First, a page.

PSC data protection policy updated after Doherty loses seat

The Department of Employment Affairs and Social Protection has updated its key data protection policy with regard to the Public Services Card on foot of a negative report regarding the card carried out by the Data Protection Commissioner, Helen Dixon.

PSC data protection policy updated after Doherty loses seat

The Department of Employment Affairs and Social Protection has updated its key data protection policy with regard to the Public Services Card on foot of a negative report regarding the card carried out by the Data Protection Commissioner, Helen Dixon.

The move appears to be at odds with the Department’s own legal objection to the enforcement of that report’s findings, which is now subject to an appeal in the Circuit Court.

The change was made overnight on Monday in the wake of the Department’s Minister, Meath East TD Regina Doherty, losing her seat in the general election.

Ms Doherty had spoken out repeatedly against the DPC’s investigation into the PSC, justifying the Department’s appeal in the courts on the back of “incredibly strong” advice received from the Attorney General as to the legality of the PSC.

The updated privacy statement has been undertaken in order “to present information in an expanded set of headings and to provide additional information to address the deficiencies in the previous Privacy Statement as identified by the Data Protection Commissioner” according to an explanatory message on the Department’s website posted yesterday.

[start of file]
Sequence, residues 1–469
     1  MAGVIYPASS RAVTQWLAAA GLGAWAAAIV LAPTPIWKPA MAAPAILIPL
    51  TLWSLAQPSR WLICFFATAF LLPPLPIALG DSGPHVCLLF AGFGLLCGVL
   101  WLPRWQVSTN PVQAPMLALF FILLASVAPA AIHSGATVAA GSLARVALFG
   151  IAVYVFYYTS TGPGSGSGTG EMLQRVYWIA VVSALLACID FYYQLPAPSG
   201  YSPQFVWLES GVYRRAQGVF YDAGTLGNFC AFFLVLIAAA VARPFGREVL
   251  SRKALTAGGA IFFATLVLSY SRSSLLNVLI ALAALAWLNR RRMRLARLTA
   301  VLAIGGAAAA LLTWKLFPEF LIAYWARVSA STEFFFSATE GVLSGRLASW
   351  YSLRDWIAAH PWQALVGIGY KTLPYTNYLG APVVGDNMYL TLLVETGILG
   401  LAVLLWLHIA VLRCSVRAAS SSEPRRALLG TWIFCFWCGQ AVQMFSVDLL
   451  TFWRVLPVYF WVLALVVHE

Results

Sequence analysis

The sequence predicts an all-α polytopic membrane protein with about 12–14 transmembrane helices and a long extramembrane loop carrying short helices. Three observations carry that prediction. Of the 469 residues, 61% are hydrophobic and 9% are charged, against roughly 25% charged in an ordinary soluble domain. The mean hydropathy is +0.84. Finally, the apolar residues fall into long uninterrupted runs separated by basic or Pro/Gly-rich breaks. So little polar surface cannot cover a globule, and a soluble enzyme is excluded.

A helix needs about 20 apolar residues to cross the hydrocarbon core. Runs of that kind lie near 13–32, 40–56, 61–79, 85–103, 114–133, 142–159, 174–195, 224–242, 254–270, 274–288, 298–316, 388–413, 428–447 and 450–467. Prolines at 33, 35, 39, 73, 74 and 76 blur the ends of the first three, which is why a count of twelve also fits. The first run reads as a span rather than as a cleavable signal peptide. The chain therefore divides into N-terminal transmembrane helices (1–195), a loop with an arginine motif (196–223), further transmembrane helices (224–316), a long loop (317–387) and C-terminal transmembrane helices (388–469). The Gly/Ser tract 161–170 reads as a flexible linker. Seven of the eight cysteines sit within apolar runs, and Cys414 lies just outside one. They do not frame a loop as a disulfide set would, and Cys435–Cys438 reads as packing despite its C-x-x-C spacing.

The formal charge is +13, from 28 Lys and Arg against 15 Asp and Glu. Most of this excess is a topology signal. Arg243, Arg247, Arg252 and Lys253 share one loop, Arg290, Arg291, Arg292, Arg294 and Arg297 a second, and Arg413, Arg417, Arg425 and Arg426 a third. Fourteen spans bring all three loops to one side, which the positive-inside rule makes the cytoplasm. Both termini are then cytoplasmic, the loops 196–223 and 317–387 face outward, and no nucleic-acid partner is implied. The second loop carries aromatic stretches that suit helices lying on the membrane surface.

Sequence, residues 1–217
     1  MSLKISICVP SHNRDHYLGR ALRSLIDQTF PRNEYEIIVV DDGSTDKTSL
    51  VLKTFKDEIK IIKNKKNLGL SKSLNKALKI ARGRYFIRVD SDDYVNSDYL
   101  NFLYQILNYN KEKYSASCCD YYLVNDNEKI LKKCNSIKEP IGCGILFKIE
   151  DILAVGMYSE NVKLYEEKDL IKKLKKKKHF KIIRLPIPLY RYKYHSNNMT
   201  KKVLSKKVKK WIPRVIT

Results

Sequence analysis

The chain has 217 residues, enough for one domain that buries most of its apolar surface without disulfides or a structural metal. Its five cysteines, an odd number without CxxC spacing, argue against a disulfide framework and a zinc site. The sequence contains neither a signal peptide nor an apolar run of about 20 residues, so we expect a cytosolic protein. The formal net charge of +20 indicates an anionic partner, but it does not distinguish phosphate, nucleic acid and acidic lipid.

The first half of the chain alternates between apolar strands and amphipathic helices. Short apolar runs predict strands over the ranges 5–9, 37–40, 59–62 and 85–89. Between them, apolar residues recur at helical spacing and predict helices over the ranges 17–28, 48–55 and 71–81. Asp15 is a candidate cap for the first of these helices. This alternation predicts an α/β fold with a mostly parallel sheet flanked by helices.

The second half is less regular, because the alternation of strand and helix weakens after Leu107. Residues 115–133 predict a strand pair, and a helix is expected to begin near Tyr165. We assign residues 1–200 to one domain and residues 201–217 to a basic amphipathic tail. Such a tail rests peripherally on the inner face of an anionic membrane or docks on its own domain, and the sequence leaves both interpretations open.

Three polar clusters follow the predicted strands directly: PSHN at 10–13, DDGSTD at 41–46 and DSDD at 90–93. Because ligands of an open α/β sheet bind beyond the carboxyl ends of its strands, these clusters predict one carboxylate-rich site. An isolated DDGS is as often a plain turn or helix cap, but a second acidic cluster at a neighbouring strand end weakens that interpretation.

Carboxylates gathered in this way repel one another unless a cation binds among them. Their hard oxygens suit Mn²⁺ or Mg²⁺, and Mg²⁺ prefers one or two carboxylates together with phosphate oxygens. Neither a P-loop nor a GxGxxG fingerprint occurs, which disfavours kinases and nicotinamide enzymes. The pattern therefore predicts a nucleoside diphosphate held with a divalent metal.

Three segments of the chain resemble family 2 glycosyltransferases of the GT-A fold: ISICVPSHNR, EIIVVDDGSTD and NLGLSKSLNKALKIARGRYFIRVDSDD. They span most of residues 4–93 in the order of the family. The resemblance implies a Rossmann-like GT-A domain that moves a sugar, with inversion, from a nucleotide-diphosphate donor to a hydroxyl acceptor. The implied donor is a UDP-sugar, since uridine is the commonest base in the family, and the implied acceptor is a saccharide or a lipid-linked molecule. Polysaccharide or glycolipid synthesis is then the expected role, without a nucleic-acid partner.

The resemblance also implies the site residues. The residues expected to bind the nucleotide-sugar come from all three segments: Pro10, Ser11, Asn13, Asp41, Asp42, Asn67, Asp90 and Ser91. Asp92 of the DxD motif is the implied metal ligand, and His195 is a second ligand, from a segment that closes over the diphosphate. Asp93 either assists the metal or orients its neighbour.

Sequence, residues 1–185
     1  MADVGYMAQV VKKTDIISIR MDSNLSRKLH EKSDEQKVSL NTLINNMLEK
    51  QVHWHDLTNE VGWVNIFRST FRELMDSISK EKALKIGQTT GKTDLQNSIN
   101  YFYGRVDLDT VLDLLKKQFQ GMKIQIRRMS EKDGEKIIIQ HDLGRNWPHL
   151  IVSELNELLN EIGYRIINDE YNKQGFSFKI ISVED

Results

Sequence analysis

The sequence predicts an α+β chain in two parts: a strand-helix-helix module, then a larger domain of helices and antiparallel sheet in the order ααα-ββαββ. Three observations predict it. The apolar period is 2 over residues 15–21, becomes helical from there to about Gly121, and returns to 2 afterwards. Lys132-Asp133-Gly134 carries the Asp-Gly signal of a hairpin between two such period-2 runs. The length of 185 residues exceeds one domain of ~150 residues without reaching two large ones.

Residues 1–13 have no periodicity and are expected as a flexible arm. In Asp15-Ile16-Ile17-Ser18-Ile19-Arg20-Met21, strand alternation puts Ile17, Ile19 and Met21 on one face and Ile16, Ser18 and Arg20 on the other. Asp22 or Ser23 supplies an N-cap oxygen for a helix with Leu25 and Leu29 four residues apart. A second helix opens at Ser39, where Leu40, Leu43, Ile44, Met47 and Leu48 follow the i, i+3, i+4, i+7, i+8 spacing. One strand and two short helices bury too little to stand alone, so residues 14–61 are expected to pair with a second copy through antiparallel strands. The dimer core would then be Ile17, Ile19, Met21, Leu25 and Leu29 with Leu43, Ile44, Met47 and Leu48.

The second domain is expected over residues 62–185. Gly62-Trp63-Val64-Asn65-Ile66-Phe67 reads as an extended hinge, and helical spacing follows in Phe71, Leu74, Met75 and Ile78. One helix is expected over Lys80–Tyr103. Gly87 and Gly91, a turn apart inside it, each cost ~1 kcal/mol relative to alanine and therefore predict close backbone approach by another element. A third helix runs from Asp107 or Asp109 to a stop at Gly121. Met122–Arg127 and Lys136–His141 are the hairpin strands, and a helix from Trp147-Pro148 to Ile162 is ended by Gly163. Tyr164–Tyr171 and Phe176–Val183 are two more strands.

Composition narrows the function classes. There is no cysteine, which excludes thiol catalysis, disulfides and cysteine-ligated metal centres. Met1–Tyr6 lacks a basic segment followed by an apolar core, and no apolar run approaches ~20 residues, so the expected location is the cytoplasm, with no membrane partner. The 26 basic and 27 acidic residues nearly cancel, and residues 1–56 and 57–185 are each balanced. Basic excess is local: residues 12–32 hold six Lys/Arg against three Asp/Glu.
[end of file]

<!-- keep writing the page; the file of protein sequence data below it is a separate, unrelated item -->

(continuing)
One interesting addition to the new statement is a specific recognition that the Department processes biometric data in the course of its business.

References to such data were dramatically removed from the previous privacy statement on the order of Secretary General, John McKeon, following the introduction of the EU’s General Data Protection Regulation (GDPR).

Under GDPR the processing of such biometric data — which sees people being made identifiable via their specific physical characteristics such as through the use of a photograph — requires a special legal basis, something which critics of the PSC project have insisted does not exist.

Previously, Minister Doherty had denied, repeatedly and at length, that such processing was taking place.

The new statement explicitly says that biometric processing of the photograph on the PSC is an example of “additional processing of personal data” carried out by the Department.

“This biometric processing of the photograph produces an arithmetic template which allows precise comparison of the photograph in question with others held by the Department,” the statement reads.

“This biometric processing is performed by the Department and the arithmetic template produced is not shared with any other specified body nor is it stored on the PSC.”

The Department says that such processing is justified under GDPR as it is necessary for the carrying out of rights under social protection law, on grounds of “substantial public interest”, and is required for “the provision and management of social care systems and services”.

The Department had not replied to queries from the Irish Examiner regarding the new privacy statement at the time of publication.

Meanwhile, the appeal regarding the DPC’s findings has now been delayed until March, it has emerged.

A second legal action taken by the Department against the DPC, under Judicial Review, has been delayed until later this month.

That action, which saw the Department object to the procedures which had seen the DPC declare the data accumulated as part of applications for child benefit to be unnecessary and disproportionate, had dragged on since before Christmas despite suggestions the Commissioner had been willing to drop her defence and withdraw her findings.

More in this section

Puzzles logo
IE-logo

Puzzles hub


Text header

From florist to fraudster, leaving a trail of destruction from North Cork, to Waterford, to Clare, to Wexford and through the midlands ... learn how mistress of re-invention, Catherine O'Brien, scammed her way around rural Ireland.

War_map
Execution Time: 0.249 s